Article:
It seems that I opened the floodgates last Friday by featuring a few weird and wonderful videos in Off Notes. Ever since, the whole office and all of our friends have been piling on top of each other, sending increasingly bizarre and beautiful finds for today’s round-up. We’ve got some great stuff in this post on the relationship between music and the mind and how electric guitars wound up sounding so distinct, but are you going to remember any of that once you see this:
The best of the musical internet this week
- The above madness starred the dearly departed Leonard Nimoy. We discovered it, and a number of other forgotten, would-be hits, in Stereogum’s review of his “short, strange musical career.” He will be missed. [Stereogum]
- UK electronic artists, Autechre hacked their own Discogs site. The result is a bizarre, endless manipulation of the page with their music playing over top. Give it a few seconds and the elements on the page start transforming in front of you. And suddenly you’ve lost ten minutes of your day. [Discogs]
- The Atlantic went in depth on how a series of failures and accidents gave the electric guitar the sound we all know and love. [The Atlantic]
- The angst and ire of heavy metal music feels uniquely authentic when performed by the single socks that remain after losing their match to the heartless washing machine. [SockPuppetParodies on YouTube]
- Such good gossip coming out of the “Blurred Lines” copyright case. Even the normally stoic New York Times makes it sound like a pulpy grocery store novel: “Testimony… revealed lurid details of drugs, unearned songwriting credits, and intentional deception of the news media employed as a standard promotional practice.” [NY Times]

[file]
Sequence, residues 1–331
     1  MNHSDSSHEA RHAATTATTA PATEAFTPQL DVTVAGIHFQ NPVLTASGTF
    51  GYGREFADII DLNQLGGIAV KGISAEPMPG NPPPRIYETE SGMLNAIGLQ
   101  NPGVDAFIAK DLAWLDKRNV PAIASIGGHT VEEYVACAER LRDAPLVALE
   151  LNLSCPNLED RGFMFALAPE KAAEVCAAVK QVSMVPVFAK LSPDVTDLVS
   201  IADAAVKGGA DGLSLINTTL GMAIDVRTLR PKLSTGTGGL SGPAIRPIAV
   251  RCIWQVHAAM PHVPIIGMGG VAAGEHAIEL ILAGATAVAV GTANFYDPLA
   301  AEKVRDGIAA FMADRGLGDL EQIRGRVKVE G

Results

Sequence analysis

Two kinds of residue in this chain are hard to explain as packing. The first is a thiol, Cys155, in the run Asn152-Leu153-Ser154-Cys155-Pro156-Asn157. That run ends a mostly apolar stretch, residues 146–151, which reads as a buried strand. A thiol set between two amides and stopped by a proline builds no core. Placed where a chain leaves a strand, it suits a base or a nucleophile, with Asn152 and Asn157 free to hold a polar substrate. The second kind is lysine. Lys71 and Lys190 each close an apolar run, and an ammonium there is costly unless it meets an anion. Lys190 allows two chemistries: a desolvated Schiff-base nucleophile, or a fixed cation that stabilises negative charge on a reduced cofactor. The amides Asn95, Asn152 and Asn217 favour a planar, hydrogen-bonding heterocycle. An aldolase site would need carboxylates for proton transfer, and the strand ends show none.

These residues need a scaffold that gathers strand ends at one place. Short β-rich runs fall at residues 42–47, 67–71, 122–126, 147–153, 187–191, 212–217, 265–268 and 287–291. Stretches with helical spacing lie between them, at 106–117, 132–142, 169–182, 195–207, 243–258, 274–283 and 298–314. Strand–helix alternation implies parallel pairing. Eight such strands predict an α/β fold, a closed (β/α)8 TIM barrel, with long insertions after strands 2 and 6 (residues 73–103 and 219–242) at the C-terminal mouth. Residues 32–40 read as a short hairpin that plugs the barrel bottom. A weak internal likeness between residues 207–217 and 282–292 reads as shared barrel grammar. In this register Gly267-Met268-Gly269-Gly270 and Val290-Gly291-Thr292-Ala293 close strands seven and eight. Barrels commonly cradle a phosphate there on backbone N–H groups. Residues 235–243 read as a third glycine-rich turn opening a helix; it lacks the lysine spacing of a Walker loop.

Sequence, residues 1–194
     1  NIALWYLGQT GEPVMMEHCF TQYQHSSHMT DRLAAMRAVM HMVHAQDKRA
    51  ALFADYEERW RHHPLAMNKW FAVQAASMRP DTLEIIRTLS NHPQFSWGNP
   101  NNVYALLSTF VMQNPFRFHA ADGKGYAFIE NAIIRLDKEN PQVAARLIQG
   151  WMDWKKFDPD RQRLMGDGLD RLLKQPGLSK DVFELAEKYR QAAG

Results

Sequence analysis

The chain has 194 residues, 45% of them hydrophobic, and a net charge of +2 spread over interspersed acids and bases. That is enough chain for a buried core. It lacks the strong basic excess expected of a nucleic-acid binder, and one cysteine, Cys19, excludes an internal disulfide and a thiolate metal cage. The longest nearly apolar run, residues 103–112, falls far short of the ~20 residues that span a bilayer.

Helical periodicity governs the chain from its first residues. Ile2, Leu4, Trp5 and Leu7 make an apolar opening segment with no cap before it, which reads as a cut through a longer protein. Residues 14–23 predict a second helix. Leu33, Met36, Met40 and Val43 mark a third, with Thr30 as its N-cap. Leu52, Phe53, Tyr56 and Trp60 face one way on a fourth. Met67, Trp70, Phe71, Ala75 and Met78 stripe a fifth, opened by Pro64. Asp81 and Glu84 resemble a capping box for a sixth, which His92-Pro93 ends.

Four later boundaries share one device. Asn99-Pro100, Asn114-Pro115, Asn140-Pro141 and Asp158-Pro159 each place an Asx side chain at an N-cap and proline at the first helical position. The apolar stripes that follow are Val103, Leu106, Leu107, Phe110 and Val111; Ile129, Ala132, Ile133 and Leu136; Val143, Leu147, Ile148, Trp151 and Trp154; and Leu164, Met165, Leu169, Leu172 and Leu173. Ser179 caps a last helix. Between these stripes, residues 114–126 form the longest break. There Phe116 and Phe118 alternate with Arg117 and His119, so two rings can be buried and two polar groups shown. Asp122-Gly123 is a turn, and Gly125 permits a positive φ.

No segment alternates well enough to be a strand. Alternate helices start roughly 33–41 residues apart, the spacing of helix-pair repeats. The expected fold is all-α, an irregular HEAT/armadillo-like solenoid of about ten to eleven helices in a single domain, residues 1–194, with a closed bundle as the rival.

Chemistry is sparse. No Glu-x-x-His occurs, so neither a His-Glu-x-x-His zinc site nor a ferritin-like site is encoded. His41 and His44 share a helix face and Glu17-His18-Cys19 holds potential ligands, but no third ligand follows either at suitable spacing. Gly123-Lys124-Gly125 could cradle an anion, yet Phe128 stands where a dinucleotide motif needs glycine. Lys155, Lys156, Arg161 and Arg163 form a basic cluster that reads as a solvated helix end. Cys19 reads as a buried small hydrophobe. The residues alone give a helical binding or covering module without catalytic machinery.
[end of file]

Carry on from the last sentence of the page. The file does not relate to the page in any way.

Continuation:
- A Minneapolis reporter dug up this picture of Prince on his junior high basketball team. His look just warms my heart. [Twitter]
— Bleacher Report (@BleacherReport) April 21, 2016
- McSweeney’s thoughtfully offers some simple solutions to the problems of 90s alt-rock artists. [McSweeney’s]
- While researching my Sam Smith article a few weeks ago, I stumbled across Vicky Williamson’s work on music psychology. Her TED talk on the connections between music and memory is riveting. [TED MED on YouTube]
- Have you taken Jeremy’s “Touring on a Shoestring” course yet? Check that out and then find out how you can take it one step further with this story on “Eco-Touring”—bands taking to the road on bicycles. [Paste]
- Looking for ways to deliver a memorable live show? WIFE—whose members include a projectionist, a choreographer, and a composer/arranger, working together with body mapping technology—have come up with something so strange and yet so captivating I can’t even imagine seeing it in person. [WIFEPROJECTIONS on YouTube]
- Just what you needed! A onsie inspired by Left Shark at Katy Perry’s Superbowl performance. I’m sorry. [Bandpage]
- Another great TED Talk (particularly for bands interested in “Touring on a Shoestring”) about how “Thinking like a Fan” engages audiences and makes for the best live experiences. [TedX Talks on YouTube]
What we’ve been listening to
- Ian just put together a piano-inspiring playlist to go with our new “Building Blocks of Piano” course!
- Jeremy‘s been listening to N’Dambi ever since he heard her open for Meshell Ndegeocello years ago, and shared the love with the office this week. She’s awesome.
- Ryan Adams and Natalie Prass covered Patrick Swayze’s power ballad “She’s like the Wind” off of the Dirty Dancing soundtrack. Listen to their cover here, and then reminisce with the original.
- I don’t know why, but “My Sharona” is what’s playing on repeat in the office right now.
And because we’re all grown-ups around here, let’s end on a sophisticated note. Here’s a 1986 spoken-word-slash-rap music video about the benefits of doing Karate. Enjoy your weekend!